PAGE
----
Thursday, October 2, 2014

Earth & Climate News -- ScienceDaily

Earth science research and news. Read science articles on air quality, geology, meteorology, oceanography, paleontology and science and the environment.
Earth & Climate News -- ScienceDaily
  1. Understanding Greenland Ice Sheet's meltwater channels
    Observations of moulins (vertical conduits connecting water on top of the glacier down to the bed of the ice sheet) and boreholes in Greenland show that subglacial channels ameliorate the speedup caused by water delivery to the base of the ice sheet in the short term. By mid summer, however, the channels stabilize and are unable to grow any larger.
  2. Hypertension risk rises closer to major roadways
    In a newly published analysis, the risk of high blood pressure among 5,400 post-menopausal women was higher the closer they lived to a major roadway. The result, which accounts for a wide variety of possible confounding factors, adds to concerns that traffic exposure may present public health risks.
  3. Coral reef winners and losers as water temperatures rise
    Contrary to the popular research-based assumption that the world's coral reefs are doomed, a new longitudinal study paints a brighter picture of how corals may fare in the future. A subset of present coral fauna will likely populate oceans as water temperatures continue to rise, researchers have reported.
  4. Predicting impact of climate change on species that can't get out of the way
    When scientists talk about the consequences of climate change, it can mean more than how we human beings will be impacted by higher temperatures, rising seas and serious storms. Plants and trees are also feeling the change, but they can't move out of the way. Researchers have developed a new tool to overcome a major challenge of predicting how organisms may respond to climate change.
  5. Support for controversial Darwin theory of 'jump dispersal'
    More than one hundred and fifty years ago, Charles Darwin hypothesized that species could cross oceans and other vast distances on vegetation rafts, icebergs, or in the case of plant seeds, in the plumage of birds. Though many were skeptical of Darwin's 'jump dispersal' idea, a new study suggests that Darwin might have been correct.
  6. Dog waste contaminates our waterways: A new test could reveal how big the problem is
    Americans love their dogs, but they don't always love to pick up after them. And that's a problem. Dog feces left on the ground wash into waterways, sometimes carrying bacteria -- including antibiotic-resistant strains -- that can make people sick. Now scientists have developed a new genetic test to figure out how much dogs are contributing to this health concern.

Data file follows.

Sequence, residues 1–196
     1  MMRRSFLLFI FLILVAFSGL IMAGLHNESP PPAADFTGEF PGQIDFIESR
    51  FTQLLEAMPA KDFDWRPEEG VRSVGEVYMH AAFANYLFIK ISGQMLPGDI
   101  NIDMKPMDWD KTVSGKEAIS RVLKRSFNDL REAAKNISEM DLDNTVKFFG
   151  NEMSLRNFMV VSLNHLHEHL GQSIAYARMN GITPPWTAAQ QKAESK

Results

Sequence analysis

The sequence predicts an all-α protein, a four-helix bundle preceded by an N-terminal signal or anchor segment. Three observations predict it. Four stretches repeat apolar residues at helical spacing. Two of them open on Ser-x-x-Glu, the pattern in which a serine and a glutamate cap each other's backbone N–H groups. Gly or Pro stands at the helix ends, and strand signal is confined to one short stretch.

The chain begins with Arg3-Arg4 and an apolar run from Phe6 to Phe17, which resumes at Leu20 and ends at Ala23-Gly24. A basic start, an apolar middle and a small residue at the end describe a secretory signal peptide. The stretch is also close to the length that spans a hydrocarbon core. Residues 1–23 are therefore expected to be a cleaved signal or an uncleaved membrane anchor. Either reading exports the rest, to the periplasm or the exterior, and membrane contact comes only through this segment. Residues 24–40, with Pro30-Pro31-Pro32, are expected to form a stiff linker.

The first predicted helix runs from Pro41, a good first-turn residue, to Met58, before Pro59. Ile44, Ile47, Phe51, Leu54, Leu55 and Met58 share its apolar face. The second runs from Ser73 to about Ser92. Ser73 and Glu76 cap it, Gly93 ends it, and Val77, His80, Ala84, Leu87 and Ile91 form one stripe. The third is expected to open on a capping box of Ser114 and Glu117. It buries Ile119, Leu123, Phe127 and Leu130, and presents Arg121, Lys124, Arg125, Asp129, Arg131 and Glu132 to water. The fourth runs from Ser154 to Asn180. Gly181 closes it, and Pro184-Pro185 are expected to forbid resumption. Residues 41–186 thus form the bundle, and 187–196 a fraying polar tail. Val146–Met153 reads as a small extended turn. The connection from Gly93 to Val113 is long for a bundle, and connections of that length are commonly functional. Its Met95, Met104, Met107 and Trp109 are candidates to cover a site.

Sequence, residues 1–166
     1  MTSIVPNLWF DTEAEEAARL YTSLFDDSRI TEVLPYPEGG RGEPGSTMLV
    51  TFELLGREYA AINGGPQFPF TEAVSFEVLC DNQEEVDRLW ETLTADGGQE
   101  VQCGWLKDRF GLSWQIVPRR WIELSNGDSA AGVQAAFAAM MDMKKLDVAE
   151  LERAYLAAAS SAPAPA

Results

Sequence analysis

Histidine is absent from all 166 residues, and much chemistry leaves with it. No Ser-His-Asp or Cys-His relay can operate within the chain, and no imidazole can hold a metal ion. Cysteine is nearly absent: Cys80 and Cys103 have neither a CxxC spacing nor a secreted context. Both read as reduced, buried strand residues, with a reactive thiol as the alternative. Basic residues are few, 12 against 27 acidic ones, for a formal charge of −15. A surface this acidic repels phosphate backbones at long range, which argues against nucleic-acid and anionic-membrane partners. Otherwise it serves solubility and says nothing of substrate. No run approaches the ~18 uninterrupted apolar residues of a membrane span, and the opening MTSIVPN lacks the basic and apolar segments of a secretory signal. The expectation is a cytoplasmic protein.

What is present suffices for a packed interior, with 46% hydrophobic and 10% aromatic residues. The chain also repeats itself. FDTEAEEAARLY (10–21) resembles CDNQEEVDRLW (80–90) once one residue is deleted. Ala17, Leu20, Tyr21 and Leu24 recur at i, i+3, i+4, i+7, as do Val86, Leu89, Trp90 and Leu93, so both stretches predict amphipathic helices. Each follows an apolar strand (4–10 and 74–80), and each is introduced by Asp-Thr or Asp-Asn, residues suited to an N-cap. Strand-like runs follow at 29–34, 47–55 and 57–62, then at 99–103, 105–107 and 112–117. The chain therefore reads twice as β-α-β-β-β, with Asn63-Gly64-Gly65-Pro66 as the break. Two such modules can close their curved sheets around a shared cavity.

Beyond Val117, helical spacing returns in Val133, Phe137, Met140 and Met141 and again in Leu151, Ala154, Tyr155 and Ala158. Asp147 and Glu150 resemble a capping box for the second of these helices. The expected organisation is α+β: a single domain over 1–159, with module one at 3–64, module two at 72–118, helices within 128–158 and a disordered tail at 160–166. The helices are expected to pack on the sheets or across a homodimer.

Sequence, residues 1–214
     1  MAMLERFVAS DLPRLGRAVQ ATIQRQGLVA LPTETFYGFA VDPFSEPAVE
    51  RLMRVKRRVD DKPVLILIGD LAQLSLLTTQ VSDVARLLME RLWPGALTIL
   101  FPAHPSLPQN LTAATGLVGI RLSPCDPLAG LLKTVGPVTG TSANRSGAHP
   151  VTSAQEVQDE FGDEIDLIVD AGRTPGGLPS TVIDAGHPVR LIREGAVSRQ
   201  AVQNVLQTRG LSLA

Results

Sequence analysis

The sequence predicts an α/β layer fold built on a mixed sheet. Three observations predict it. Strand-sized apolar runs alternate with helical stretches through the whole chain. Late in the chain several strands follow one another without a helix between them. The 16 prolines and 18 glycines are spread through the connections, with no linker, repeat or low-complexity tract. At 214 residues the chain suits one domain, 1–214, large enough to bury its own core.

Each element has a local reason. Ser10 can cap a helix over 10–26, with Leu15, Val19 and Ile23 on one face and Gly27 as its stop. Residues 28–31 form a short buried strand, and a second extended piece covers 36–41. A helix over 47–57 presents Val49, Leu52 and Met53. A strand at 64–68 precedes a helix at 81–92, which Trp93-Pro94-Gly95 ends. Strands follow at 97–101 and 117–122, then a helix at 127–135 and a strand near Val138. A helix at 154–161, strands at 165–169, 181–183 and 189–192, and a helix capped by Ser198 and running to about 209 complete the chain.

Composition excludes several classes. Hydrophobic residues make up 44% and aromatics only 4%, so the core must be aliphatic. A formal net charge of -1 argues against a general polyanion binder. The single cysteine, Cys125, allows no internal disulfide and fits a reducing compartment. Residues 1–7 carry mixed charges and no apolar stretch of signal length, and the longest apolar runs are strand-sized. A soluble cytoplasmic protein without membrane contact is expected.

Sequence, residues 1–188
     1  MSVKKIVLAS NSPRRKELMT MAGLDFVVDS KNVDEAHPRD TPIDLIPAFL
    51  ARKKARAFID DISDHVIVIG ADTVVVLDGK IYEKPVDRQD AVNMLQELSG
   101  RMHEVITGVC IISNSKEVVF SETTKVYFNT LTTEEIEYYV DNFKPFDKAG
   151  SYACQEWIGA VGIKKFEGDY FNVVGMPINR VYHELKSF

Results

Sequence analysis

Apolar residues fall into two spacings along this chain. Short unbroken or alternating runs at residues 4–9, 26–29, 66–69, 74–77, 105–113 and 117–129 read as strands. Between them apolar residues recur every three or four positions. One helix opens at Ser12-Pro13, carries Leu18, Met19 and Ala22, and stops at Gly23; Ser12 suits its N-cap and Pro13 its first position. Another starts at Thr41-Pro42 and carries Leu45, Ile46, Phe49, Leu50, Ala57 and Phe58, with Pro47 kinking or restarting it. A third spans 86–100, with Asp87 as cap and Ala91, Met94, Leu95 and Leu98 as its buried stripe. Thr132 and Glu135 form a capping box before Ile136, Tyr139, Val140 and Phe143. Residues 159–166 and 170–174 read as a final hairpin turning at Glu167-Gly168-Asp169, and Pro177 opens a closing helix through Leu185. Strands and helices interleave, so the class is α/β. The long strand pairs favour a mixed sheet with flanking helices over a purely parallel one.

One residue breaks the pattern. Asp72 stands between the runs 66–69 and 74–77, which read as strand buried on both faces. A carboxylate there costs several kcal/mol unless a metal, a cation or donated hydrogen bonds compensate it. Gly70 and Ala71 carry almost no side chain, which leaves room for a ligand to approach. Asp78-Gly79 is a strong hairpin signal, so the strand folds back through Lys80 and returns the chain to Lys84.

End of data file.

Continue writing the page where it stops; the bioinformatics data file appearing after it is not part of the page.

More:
7. Changing Antarctic waters could trigger steep rise in sea levels, conditions 14,000 years ago suggest
    Current changes in the ocean around Antarctica are disturbingly close to conditions 14,000 years ago that new research shows may have led to the rapid melting of Antarctic ice and an abrupt 3-4 meter rise in global sea level.
  8. Fall in monsoon rains driven by rise in air pollution, study shows
    Emissions produced by human activity have caused annual monsoon rainfall to decline over the past 50 years, a study suggests. In the second half of the 20th century, the levels of rain recorded during the Northern Hemisphere's summer monsoon fell by as much as 10 per cent, researchers say. Changes to global rainfall patterns can have serious consequences for human health and agriculture.
  9. Ethical filament: Can fair trade plastic save people and the planet?
    It’s old news that open-source 3-D printing is cheaper than conventional manufacturing, not to mention greener and incredibly useful for making everything from lab equipment to chess pieces. Now it’s time add another star to the 3-D printing constellation. It may help lift some of the world’s most destitute people from poverty while cleaning up a major blight on the earth and its oceans: plastic trash.
  10. Microbes in Central Park soil: If they can make it there, they can make it anywhere
    Researchers have uncovered more than 167,000 kinds of bacteria, archaea and eukaryotes in the soil beneath one of the nation's iconic urban environments. That’s 260 times as many species of birds, plants and invertebrates that live in New York City's Central Park -- combined.